This is now getting interesting. Conventional wisdom among most bankruptcy commentors was that the objections to the Chrysler deal were not strong from a legal standpoint. Thus the fact that the Supreme Court has decided to stay the deal comes as a surprise, particularly to Team Obama, which has put its prestige and considerable muscle behind getting the deal done. And any complications or delay with Chrysler puts the much larger and more complex GM bankruptcy at risk.
The deal with Fiat requires that the transaction close by June 15.
Justice Ruth Bader Ginsburg ordered a delay in Chrysler LLC’s planned asset sale to a group led by Italy’s Fiat SpA while the U.S. Supreme Court considers a request for a longer postponement that might scuttle the deal…. Indiana pension funds and consumer groups asked for an order blocking the sale while the Supreme Court decides whether to take up the funds’ appeal.
Ginsburg’s one-sentence order, which came only in the pension fund case, said the bankruptcy court orders allowing the sale “are stayed pending further order” of the Supreme Court.
Chrysler said in court papers that the sale is necessary to stanch losses of $100 million a day.
Yves here. I would assume Chrysler made a more compelling from a legal standpoint than “we really need the deal done.” But maybe not (apologies for not independently checking the filings, but Internet access continues to be dreadful). From the Wall Street Journal:
Ahead of the decision, Chrysler and the federal government warned such an intervention might lead to the liquidation of the auto maker….
“There is no other bidder for Chrysler’s assets,” an attorney for Chrysler said in a legal brief. “The only other viable alternative for Chrysler is to proceed with a liquidation that will return no more than $800 million for all constituents.”
The appeals were filed over the weekend after the Second U.S. Circuit Court of Appeals in New York approved the acquisition of most of Chrysler’s assets by a group led by Fiat. The appeals court stayed the sale until Monday so the funds could make their case to the Supreme Court. A U.S. bankruptcy judge early last week approved the transaction…
A lengthy delay for a Chrysler-Fiat transaction would jeopardize jobs and tarnish President Barack Obama’s efforts to save Chrysler and General Motors…
According to a Chrysler filing, the Indiana pensions challenging the deal are set to lose $5 million dollars under the terms of the Fiat purchase. The pension funds, in their own filing, put their losses in the “millions of dollars.”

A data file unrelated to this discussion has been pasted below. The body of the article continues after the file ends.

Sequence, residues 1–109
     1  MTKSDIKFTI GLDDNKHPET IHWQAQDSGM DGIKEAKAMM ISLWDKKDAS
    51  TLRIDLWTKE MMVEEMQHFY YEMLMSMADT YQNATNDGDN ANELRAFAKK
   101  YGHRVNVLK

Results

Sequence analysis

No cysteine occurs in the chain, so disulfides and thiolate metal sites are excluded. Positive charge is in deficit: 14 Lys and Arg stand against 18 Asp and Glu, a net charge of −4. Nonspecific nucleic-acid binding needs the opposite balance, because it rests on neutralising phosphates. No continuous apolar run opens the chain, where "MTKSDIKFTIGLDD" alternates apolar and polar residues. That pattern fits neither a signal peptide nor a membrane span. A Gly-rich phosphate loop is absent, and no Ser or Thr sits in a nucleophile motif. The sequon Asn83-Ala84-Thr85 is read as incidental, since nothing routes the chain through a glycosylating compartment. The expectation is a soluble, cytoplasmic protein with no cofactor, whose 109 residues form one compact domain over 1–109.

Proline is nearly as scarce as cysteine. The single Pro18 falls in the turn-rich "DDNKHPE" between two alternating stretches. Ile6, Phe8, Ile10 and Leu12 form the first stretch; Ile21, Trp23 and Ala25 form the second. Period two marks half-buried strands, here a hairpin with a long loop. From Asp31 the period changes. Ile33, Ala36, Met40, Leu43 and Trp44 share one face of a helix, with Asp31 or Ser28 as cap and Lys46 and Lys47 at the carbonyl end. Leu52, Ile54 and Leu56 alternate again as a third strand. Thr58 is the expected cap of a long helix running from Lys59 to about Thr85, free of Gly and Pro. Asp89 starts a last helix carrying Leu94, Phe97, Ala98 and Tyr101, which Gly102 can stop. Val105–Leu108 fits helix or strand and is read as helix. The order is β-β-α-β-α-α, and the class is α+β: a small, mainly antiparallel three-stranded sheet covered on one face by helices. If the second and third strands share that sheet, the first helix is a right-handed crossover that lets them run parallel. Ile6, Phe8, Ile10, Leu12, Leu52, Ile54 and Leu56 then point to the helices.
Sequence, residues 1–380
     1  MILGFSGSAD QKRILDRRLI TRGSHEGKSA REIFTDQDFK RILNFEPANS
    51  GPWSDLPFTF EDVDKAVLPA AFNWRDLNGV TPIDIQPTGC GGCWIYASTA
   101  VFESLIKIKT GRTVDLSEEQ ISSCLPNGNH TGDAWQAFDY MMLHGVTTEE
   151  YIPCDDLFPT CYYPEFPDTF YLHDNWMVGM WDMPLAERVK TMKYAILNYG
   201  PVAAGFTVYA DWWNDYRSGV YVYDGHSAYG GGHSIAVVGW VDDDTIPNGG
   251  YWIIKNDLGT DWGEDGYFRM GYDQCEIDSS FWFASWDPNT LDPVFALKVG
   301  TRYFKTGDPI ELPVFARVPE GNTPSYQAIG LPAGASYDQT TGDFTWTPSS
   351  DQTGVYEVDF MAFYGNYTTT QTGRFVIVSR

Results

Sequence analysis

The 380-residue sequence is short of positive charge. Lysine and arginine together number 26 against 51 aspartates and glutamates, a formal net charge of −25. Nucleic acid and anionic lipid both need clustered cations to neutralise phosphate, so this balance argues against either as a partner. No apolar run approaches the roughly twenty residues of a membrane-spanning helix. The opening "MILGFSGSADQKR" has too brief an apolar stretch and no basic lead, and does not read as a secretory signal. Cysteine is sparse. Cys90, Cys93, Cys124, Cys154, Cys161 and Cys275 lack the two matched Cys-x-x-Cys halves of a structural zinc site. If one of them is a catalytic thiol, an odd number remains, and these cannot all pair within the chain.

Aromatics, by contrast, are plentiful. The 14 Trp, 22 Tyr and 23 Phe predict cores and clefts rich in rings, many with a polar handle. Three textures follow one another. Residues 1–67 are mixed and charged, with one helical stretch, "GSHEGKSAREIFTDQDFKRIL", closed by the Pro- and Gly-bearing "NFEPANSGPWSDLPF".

The pension funds argued the sale, orchestrated by the U.S. and Canadian governments under bankruptcy laws, was illegal and that the federal government exceeded its bailout authority with its involvement. “The negative economic consequences of permitting an unlawful sale to proceed may well over time dramatically outweigh Chrysler’s short-term harm,” the funds said.
Update 3:00 AM: The commentary in the media suggests that the prevalent view is that the deal will still go ahead, and with not much delay. From the New York Times:
The delay could be resolved by Tuesday, freeing Chrysler to join forces with Fiat. But if the court decides to hear an appeal that lasts weeks or months, it could put Chrysler at risk of going out of business. Fiat, the only company to show an interest in acquiring most of the assets of Chrysler, can walk away from the deal if it is not concluded by June 15.
In a broader context, such a decision would also give the justices an early opportunity to consider the scope of the wide-ranging but not unlimited authority that Congress granted the president to address the economic crisis…..
Several legal experts noted that the action should not be interpreted as a signal of the full Supreme Court’s intentions. And it is not unusual for the court to issue a stay while it considers whether to hear a case, but it rarely grants the kind of expedited hearing on the merits that the Indiana funds are seeking.
“I’m astonished she even stayed the sale, but I find it quite encouraging, because I find it important that they take a close look at the issues,” said David A. Skeel Jr., a law professor at the University of Pennsylvania. “I think it’s a good move. My guess is in the end they will approve the sale.”
The Financial Times noted the upbeat reading from Team Obama versus the possibility of the deal gong pear shaped:
…people close to the Obama administration’s car industry task force and Chrysler suggested that the stay was not a catastrophe and that the sale was likely to proceed as planned. “We understand this to be an administrative extension designed to allow sufficient time for the Court to make a determination on the merits of the request for a stay,” said an administration official….
Elena Kagan, US solicitor-general, said in a brief opposing the Indiana funds’ request that unless the Supreme Court was able to complete a full review of the Fiat deal by the deadline, a stay order “could itself have the effect of preventing the sale from going forward”.